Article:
Engineers have succeeded in creating a new form of memory technology which can ‘remember’ data in a similar way to synapses in the human brain.
The breakthrough means that electronic devices such as mobile phones could potentially store and process much larger quantities of data than previously possible, without relying on the user to delete old information or use data-intensive cloud storage systems.
The study was conducted by a team led by Professor Themis Prodromakis, the University of Edinburgh’s new Regius Chair of Engineering and Director of the Centre for Electronics Frontiers.
Across the world, we rely on computers, mobile phones and other electronic devices which produce and store vast amounts of data. Every day globally, we generate about 2.5 quintillion bytes of data – equivalent to around five million household hard disks of storage.
Our demand for electronic devices that can instantly store and process huge quantities of information are only set to increase with the advent of data-driven technologies such as the Internet of Things (IoT) and artificial intelligence.
These technologies, however, come with a growing environmental cost, due to their intensive use of energy and natural resources. The electronics industry is therefore increasingly trying to find more innovative and less environmentally impactful ways to solve electronic memory storage issues.
A bio-inspired solution
While a traditional solution has been to erase old data to free up space in electronic devices, a team of researchers based at the universities of Edinburgh and Southampton have turned to the biological memory for inspiration.
Our brains operate in a complex way to remember information, allowing us to repeatedly write new memories atop old ones in a “palimpsest” fashion – the name given to historical manuscripts on which later writing are superimposed on earlier writing.
Our brains have this extraordinary ability thanks to biochemical processes found in biological synapses, which allow them to learn quickly and continuously – at multiple timescales – without forgetting old memories.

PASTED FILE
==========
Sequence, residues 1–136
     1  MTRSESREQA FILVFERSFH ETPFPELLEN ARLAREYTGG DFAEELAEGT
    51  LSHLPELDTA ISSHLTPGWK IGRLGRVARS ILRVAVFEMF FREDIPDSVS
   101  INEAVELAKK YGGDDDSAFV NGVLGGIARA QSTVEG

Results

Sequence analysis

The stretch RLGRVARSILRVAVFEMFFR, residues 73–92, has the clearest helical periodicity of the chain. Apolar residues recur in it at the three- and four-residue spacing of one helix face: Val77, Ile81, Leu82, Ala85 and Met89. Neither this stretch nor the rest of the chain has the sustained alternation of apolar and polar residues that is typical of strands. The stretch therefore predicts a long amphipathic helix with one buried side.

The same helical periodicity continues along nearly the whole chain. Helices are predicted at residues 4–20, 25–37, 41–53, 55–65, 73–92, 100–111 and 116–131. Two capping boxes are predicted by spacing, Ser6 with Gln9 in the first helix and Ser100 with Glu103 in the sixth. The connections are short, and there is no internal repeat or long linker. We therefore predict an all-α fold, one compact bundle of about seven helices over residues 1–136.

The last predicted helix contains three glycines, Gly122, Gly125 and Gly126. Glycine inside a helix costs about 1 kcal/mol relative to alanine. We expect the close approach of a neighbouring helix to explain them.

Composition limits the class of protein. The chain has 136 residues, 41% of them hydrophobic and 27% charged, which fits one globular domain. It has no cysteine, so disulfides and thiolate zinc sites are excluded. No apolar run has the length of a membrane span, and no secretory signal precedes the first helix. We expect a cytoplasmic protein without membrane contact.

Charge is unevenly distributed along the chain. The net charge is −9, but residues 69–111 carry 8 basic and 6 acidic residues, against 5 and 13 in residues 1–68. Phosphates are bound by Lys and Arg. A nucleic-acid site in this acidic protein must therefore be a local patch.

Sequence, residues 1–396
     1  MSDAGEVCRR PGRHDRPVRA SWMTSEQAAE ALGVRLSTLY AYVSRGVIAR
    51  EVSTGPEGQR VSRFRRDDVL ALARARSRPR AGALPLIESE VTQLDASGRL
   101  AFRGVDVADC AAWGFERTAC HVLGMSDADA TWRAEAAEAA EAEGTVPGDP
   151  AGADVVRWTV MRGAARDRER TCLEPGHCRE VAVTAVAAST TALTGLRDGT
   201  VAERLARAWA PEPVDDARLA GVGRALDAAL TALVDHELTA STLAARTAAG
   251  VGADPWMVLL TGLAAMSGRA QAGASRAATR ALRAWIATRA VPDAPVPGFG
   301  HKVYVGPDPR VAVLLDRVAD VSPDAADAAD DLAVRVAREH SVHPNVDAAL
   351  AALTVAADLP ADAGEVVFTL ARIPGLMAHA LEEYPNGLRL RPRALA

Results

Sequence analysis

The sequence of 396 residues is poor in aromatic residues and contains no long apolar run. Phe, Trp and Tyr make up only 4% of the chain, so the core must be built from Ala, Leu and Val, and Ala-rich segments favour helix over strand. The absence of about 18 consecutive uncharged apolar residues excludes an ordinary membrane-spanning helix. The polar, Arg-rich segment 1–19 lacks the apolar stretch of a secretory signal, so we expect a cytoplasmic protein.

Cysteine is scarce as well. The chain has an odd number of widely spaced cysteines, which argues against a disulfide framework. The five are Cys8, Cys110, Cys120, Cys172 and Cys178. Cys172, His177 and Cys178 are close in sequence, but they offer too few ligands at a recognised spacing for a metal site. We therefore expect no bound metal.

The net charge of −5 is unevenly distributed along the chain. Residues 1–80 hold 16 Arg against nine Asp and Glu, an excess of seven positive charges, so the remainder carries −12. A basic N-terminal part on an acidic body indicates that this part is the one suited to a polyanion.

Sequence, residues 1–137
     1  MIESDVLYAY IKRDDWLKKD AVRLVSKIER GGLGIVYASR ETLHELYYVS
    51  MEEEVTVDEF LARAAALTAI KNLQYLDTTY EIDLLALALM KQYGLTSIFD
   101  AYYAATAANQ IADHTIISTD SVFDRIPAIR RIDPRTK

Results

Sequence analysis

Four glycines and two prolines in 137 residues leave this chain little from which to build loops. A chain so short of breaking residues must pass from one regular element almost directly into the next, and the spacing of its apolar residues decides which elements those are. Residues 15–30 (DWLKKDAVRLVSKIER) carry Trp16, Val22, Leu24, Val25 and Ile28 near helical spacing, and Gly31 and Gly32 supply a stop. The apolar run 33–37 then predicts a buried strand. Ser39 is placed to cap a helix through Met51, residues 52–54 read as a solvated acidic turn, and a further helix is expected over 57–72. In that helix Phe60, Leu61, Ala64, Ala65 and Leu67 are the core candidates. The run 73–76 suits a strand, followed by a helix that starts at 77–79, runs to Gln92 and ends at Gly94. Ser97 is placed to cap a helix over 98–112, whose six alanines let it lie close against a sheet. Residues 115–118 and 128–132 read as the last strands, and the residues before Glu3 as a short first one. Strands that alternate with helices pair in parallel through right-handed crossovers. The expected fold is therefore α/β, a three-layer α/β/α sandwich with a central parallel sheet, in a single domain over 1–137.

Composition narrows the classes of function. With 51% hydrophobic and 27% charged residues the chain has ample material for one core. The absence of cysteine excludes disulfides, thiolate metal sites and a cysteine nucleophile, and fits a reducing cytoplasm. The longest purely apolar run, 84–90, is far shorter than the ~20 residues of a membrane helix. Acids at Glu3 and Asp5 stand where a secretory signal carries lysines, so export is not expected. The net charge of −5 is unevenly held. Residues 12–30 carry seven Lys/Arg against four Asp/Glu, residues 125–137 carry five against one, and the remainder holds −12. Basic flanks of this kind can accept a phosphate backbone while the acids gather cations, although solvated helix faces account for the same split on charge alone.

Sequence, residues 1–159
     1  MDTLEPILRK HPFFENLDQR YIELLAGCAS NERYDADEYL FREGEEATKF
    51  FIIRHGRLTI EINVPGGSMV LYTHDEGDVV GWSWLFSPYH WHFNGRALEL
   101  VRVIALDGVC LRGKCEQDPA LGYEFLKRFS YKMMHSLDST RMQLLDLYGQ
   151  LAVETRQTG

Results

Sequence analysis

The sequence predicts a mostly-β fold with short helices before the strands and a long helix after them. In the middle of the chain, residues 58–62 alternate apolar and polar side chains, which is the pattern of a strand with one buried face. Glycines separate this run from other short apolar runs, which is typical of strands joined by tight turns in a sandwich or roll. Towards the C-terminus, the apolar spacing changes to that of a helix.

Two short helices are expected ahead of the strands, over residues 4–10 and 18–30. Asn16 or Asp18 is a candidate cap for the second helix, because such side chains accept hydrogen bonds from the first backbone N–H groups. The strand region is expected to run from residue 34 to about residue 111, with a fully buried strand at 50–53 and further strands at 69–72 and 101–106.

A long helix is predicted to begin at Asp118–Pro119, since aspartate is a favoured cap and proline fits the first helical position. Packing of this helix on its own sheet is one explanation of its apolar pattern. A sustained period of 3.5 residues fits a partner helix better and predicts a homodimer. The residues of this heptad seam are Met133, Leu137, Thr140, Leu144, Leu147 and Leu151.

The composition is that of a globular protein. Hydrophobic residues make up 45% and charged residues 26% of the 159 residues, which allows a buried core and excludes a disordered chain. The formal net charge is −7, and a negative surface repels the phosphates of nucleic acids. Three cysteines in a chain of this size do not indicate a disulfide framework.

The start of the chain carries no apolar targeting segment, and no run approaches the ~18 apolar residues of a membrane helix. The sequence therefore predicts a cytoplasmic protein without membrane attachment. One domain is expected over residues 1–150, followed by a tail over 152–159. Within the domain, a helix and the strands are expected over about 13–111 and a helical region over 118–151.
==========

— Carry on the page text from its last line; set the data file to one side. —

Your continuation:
These observations inspired the researchers to create artificial synaptic networks mimicking the biological brain, using emerging nanoscale memory technologies known as “memristors” – short for “memory resistor”.
In their study, recently published in the journal Science Advances, the researchers showed a new way to configure artificial neural networks that use this technology, which means they could achieve equivalent learning and memorising abilities to biological systems.
The artificial synapses created by the researchers work in an analogue fashion – using continuous electronic signals of varying amplitudes, rather than the binary signals used by modern digital electronics. This enables the synapses to “remember” previously stored memories even after new ones are stored on top of them – much like a palimpsest.
Testing the technology
In the study, the researchers tested out the memory abilities of their solution by subjecting it to “spiking memory events” in the form of electric signals like those which transmit information across the human brain, while also asking them to continuously learn new and unrelated memories.
In conventional artificial neural networks like those found in modern AI processors, this interference would cause older memories to be permanently erased. The memristive networks, by contrast, are constructed using multiple independent memory mechanisms, allowing one mechanism to retain old memories even after another temporarily writes new ones.
The researchers have demonstrated that their prototypes can remember old data over a long period, even after being overloaded with information that would cause “catastrophic forgetting” in conventional electronic devices.
This is the first time that so-called “palimpsest memory consolidation” has been demonstrated in electronic hardware, unlocking new possibilities for the electronics industry.
For example, it could help improve memory storage in hardware that operates in a “continuously-ON” fashion, like the Mars rover which constantly takes in data about its ever-changing environment, or a smartphone intelligently adapting to the needs of its owner.
The ability of electronic devices to learn and retain information locally – that is, within the device itself, as in so-called “edge” computing – offers a promising alternative to cloud computing services which store data on the internet, and rely on powerful internet bandwidths for transferring data.
The researchers hope the new technology will help democratise access to AI technologies among the wider public.
Christos Giotis, lead author and PhD candidate at the Centre for Electronics Frontiers, commented:
“We are very happy with this outcome. It shows how research in engineering can be inspired by biology and help to advance AI and a wide range of practical applications.”
Professor Prodromakis added:
“Who hasn’t suffered from the pain of their phones or USB sticks running out of storage and going through the dilemma of which photos or music they should delete for making space for new memories and data to be stored?”
“Our lab has been developing memristive technologies and AI hardware for over a decade now. This research, however, required a complete rethink of how memory can be transcribed using the dynamics of complex electrochemical mechanisms and comparing those to the learning processes taking place in real biological synapses.”
“We are very excited with the prospects this technology could bring to modern societies.”